Beverly Hills Magazine: What’s the worst part about the business?
David Appelbaum: Probably, it’s the unknowns. I think a lot of professions where you know you work for a company and you are going to work for that company for the next twenty-five years and the stability in that. But you know, we are freelancers, we move from project to project.
You don’t know what your work is going to hold in the next five years, so there are lots of unknowns in this business and you take a lot of risks by doing that. That’s probably the most challenging part of this and you can also look at it another way as one of the most exciting parts. It can change so quickly, and you don’t know what’s going to happen and there’s so much fun in being able to be surprised.
Beverly Hills Magazine: Yeah, absolutely. It’s very entrepreneurial in a way, you are your own agent and there’s a limitless possibility because we don’t know. And there is an exciting element to that. What are some of the challenges that you have faced as a producer? Touch more on the technical challenges.
David Appelbaum: On LA BREA, it’s a technical project. I’ve been working on it for the past two years. And so much goes into the creation of these things. First, it’s the conception of the idea, then putting it from your brain to script form. And then you bring a production team on, and it’s really just about diagnosing each scene and figuring out what’s technically necessary to accomplish it. And this is a show that has a lot of visual effects in it because there’s a sinkhole in it, and obviously we are not creating that in the real world.
So the show begins with a massive sinkhole opening in Los Angeles and that is something that was shot in several different locations over the course of six different shooting days and there are dozens of visual effects shot within it and each frame has so much work that goes into it. For me, my job is coming up with the idea and letting the people know who are doing the technical side of it, what the tone is, what the vision is, what the emotional response we are looking for within it is, and the people who are the cast people, people with the technical knowledge translate that into the visuals itself and I will look at them with my colleagues and will tell them is that what we are going for?
But for me, my job is to give them the creative vision and they go out and create it and come back to me and say, “Is this what you were looking for?” So that is what is behind the technical aspect of it.
Beverly Hills Magazine: Teamwork makes the dream work! That’s a lot of pressure on your shoulder to hold that position, to carry the vision through. I’m sure you work closely with the director but how do you manage that position of authority? How do you carry the weight of your responsibility?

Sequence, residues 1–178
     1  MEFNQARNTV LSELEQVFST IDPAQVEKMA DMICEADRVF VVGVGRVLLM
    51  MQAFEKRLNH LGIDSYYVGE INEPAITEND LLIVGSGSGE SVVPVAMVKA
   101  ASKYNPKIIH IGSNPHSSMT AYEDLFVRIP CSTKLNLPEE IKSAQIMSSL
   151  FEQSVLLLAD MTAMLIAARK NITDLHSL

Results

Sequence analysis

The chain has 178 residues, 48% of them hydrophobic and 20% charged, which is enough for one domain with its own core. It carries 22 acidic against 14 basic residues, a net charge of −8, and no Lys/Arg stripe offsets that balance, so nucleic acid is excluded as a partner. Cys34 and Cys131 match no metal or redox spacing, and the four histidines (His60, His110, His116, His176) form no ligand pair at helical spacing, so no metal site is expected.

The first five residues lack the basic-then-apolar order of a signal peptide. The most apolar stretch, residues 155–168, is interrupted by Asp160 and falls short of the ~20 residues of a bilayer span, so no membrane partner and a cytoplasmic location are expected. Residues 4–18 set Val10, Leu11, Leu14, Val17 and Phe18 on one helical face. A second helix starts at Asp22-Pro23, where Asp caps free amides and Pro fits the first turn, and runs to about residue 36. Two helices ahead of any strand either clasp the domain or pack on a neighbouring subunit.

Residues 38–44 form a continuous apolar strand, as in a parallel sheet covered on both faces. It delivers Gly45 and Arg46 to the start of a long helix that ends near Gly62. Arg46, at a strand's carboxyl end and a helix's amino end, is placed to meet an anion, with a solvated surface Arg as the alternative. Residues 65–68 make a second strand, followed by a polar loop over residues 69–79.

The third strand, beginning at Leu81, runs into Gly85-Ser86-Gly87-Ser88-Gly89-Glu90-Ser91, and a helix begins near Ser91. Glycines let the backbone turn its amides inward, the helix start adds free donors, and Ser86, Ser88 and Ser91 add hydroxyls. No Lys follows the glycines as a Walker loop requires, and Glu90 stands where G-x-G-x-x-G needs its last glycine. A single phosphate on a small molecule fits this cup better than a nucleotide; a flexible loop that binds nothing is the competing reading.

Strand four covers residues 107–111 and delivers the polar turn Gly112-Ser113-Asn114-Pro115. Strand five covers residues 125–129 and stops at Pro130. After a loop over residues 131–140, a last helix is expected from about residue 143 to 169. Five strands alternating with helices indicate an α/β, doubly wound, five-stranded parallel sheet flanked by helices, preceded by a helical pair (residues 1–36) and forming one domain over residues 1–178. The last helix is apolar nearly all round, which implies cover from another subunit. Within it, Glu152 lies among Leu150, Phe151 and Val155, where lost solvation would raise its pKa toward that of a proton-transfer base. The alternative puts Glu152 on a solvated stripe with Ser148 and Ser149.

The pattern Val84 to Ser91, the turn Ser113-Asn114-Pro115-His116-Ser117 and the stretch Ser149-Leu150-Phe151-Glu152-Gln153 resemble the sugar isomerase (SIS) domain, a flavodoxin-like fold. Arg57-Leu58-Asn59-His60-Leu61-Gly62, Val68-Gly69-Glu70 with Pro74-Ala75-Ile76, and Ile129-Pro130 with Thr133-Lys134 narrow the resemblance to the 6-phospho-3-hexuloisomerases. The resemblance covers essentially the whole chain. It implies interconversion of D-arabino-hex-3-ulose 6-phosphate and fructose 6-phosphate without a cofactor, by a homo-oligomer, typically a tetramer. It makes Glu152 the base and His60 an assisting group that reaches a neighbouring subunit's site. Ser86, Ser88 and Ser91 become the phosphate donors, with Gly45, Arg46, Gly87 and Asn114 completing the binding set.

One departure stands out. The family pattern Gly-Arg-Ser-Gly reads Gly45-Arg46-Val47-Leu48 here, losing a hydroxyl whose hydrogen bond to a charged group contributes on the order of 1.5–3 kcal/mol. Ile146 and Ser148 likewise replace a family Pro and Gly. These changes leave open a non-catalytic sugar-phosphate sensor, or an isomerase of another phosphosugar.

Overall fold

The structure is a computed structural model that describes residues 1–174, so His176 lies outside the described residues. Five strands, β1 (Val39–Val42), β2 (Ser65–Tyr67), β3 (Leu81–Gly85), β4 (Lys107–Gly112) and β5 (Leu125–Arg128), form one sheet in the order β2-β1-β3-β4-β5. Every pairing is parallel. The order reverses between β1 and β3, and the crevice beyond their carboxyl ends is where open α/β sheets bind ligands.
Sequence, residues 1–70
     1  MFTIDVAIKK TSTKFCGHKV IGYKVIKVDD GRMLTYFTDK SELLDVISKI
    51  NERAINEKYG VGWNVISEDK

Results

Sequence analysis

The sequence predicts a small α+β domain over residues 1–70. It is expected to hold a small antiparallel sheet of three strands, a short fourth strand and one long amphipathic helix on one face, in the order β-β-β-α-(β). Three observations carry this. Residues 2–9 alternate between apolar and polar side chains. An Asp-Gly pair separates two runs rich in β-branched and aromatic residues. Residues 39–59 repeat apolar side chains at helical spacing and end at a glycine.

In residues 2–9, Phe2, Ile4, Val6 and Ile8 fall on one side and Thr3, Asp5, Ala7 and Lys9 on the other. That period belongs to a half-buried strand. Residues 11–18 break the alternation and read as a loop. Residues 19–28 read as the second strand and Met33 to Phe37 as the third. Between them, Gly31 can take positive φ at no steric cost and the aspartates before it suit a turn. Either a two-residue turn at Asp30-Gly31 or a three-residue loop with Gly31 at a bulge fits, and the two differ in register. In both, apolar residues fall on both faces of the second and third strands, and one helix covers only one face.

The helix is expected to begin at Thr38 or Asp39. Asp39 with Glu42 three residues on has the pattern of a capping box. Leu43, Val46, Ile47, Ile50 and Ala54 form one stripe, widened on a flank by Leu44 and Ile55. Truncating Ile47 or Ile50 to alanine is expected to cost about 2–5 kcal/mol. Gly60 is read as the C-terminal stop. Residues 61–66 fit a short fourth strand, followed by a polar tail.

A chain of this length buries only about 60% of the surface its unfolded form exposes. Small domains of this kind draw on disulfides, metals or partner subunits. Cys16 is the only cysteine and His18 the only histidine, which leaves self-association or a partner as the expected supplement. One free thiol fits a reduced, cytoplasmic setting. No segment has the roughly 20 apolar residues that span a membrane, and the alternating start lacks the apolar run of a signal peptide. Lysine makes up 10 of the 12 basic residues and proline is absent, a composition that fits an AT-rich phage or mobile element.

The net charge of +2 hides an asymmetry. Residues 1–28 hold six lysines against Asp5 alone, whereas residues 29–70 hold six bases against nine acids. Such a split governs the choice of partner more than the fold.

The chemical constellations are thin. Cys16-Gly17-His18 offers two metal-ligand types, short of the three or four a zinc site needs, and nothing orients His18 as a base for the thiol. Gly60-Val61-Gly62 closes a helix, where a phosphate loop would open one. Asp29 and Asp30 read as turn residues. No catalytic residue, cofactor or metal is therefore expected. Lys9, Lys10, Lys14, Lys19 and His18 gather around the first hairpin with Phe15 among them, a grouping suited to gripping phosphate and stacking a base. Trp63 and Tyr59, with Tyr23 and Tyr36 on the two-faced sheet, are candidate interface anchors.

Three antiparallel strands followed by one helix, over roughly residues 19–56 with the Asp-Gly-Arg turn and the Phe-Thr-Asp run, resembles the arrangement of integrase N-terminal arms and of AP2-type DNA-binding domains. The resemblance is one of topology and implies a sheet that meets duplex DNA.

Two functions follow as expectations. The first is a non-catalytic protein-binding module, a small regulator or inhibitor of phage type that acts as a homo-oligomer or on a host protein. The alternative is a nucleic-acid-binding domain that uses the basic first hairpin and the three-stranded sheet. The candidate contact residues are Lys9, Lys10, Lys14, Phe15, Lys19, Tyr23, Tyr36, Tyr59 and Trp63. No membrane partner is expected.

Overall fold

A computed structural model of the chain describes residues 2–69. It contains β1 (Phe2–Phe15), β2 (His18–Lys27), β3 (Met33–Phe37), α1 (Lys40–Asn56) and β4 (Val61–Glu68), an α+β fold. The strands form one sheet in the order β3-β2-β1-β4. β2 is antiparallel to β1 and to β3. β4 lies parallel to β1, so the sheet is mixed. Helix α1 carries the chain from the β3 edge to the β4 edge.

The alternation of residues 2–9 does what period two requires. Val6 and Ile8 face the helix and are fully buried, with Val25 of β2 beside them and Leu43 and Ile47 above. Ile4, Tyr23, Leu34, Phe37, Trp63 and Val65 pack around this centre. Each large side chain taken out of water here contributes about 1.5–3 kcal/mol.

David Appelbaum: There are definitely times where you would feel the pressure, but for me, I feel lucky and grateful to be in this position and the fact that I’ve gotten far as I have with this project. So I think the worst thing that could happen is I’ve already gotten so far, even if there’s really not a bad outcome, maybe people don’t watch the show I like or who knows. But at the end of the day, the show is in a great position and I feel really lucky to be here so I often try to keep things in that perspective, understanding how grateful I am and how lucky I am to be here and that alleviates a lot of the pressure.
If you think about what’s going on, the lot of money that is going into it, that could cause a meltdown but I try not to think in those terms, just try to focus on the work, focus on keeping things in perspective.
Beverly Hills Magazine: You were involved in the God Befriended Me show, is that correct?
David Appelbaum: No, God friended Me was created by Brian Wynbrandt and Steven Lilien. Those are my co-showrunners on the show.
Beverly Hills Magazine: Oh, I see. So you weren’t involved in that project, becuase I loved that concept! Such a cool idea that in today’s day and age God’s way to reach us would be through our social media interest.
David Appelbaum: Yeah, they are great guys, collaborators. I created LA BREA and wrote the pilot. And Brian and Steven came on board as we were set to develop the show and we’ve been running it together since then.
Beverly Hills Magazine: The dream team. So what inspired you to write the show?